Grow camellias in Sunset climate zones 4–7. Some of the finest garden camellias are also some of the oldest. Try white ‘Alba Plena’ from 1792, a pink bloomer with white markings from 1831 called ‘Elegans’ (or Chandleri Elegans), the blush pink ‘Magnoliiflora’ from 1886, and an orangey rose-pink type called ‘Kumasaka’ that dates back to 1896.
Start cool-season veggies: seedlings of broccoli, cabbage, cauliflower, celery, herbs, onion-family members (including chives), and Swiss chard; roots of asparagus and rhubarb; seeds of peas, radishes, and leaf crops such as spinach and Asian greens; and potato tubers.
Sow seeds of warm-season edibles such as cucumbers, eggplant, melons, peppers, squash, and tomatoes now so they’ll be ready to plant out in May.
Most of the spring-blooming varieties of heaths and heathers produce flowers in red, pink, white, and purple tones. For a fine-foliaged, plump, 6-foot spire, try Erica arborea alpina; for a long-flowering, 14-inch-tall ground-covering plant in magenta, use ‘Kramer’s Rote’ (also called Kramer’s Red). If you want something a little taller and wider in white, grow ‘Silberschmelze’.
Plant rich, romantic blooms like Maché ranunculus. With luscious petals that look like layers of brightly pigmented tissue paper, the 4-inch-wide blooms sit atop sturdy stems and foliage. They’re available in seven colors, including the rose and purple pictured here. Find them as blooming potted plants in 4-inch containers at nurseries this month and next. Treat Maché like an annual and remove plants when blooms fade, typically as summer arrives.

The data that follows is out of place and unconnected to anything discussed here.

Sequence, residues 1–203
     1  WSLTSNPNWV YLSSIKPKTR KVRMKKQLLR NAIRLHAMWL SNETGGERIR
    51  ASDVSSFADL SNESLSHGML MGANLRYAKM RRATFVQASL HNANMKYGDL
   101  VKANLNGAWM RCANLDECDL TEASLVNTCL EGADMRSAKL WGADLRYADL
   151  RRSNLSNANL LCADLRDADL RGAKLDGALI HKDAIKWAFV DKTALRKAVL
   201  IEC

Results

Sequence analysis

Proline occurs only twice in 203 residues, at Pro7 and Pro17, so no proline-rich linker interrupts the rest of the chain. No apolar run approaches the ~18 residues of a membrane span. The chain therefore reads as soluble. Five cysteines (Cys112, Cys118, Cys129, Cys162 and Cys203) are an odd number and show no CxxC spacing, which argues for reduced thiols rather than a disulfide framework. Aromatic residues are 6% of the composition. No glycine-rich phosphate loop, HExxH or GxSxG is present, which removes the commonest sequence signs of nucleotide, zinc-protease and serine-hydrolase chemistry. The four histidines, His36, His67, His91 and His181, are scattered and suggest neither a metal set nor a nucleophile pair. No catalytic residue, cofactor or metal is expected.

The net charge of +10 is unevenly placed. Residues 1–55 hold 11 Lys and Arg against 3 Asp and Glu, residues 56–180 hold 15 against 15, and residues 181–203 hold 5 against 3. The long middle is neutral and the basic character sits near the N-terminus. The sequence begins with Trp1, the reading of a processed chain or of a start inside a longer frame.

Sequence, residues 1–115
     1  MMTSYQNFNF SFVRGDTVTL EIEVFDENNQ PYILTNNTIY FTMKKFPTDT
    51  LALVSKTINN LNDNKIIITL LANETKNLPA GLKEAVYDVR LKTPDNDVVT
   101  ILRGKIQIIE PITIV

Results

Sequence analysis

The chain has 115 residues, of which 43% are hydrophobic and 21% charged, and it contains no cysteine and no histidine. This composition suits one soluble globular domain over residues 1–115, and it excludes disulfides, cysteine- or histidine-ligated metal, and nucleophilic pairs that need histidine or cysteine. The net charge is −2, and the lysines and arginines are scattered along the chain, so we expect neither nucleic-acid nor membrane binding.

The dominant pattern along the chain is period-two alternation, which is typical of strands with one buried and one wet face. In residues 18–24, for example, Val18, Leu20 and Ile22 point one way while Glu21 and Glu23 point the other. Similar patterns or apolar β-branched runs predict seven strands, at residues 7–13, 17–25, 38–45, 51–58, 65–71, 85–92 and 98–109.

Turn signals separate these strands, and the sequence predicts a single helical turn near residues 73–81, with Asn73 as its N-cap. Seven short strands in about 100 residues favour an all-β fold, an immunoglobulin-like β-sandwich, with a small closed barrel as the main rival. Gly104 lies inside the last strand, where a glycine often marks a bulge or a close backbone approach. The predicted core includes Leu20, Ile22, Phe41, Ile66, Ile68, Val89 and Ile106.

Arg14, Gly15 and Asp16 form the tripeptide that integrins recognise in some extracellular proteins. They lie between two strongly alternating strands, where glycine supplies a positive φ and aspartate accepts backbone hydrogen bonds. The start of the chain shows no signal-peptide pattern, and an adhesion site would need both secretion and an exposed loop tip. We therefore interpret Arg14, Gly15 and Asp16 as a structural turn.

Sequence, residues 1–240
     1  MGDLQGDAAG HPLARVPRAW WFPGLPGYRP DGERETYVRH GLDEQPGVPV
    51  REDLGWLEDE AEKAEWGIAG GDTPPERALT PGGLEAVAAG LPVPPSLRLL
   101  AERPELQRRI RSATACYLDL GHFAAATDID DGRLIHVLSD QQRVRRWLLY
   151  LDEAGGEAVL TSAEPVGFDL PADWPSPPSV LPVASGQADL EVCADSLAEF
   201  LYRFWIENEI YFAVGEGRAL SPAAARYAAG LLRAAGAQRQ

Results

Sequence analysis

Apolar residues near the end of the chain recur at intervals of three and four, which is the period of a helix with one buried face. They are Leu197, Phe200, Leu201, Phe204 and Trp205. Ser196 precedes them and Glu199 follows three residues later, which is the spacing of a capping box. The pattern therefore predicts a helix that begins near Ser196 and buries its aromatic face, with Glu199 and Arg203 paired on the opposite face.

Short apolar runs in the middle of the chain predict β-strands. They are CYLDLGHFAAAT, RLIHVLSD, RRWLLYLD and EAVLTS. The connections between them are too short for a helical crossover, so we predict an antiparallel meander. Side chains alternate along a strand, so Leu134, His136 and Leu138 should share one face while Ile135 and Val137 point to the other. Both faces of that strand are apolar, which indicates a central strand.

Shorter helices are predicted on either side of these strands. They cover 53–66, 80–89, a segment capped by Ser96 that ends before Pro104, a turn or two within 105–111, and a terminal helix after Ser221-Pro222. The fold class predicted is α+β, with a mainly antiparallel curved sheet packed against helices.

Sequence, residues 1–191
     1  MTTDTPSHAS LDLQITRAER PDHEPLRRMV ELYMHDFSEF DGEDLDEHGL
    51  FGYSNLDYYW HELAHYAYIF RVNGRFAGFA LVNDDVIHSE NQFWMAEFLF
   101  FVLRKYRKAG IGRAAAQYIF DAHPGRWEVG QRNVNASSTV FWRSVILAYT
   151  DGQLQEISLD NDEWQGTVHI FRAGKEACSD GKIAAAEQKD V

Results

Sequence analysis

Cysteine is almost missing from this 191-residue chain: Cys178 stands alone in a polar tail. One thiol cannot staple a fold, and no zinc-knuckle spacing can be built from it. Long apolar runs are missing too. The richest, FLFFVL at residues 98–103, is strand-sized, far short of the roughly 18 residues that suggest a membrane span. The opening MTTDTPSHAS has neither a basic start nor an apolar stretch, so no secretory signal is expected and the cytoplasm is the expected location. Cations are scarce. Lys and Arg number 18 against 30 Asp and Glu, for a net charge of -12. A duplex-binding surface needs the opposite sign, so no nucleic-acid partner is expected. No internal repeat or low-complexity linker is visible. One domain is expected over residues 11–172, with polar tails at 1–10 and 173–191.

As grass starts growing this month, fill in bare spots by roughing up the soil and sowing seed. If planting a new lawn, grow from seed or sod. Use a blend of perennial ryegrass and bent grass in sun, fescue in shade. East of the Cascades, try unthirsty buffalo grass in sunny spots.
This is the best time to divide summer- and fall-flowering perennials like asters, black-eyed Susan (Rudbeckia hirta), chry-san-themums, purple coneflower (Echinacea purpurea), and Shasta daisies for zones 4-7. Zones 1–3, divide in April. Wait until autumn to divide spring-flowering perennials.
Patrol for slugs. Kill European black slugs (these are mostly brown, but sometimes white or black) when you find them, since they love tender seedlings. Don’t kill banana slugs (usually yellow or yellow with black spots, sometimes green or white, up to 10 inches long), since these natives are most interested in mushrooms, dead plants, and leaf litter. Leopard slugs (gray with black spots) are omnivores ― which is bad when they’re eating your lettuce, but good when they’re devouring European slugs.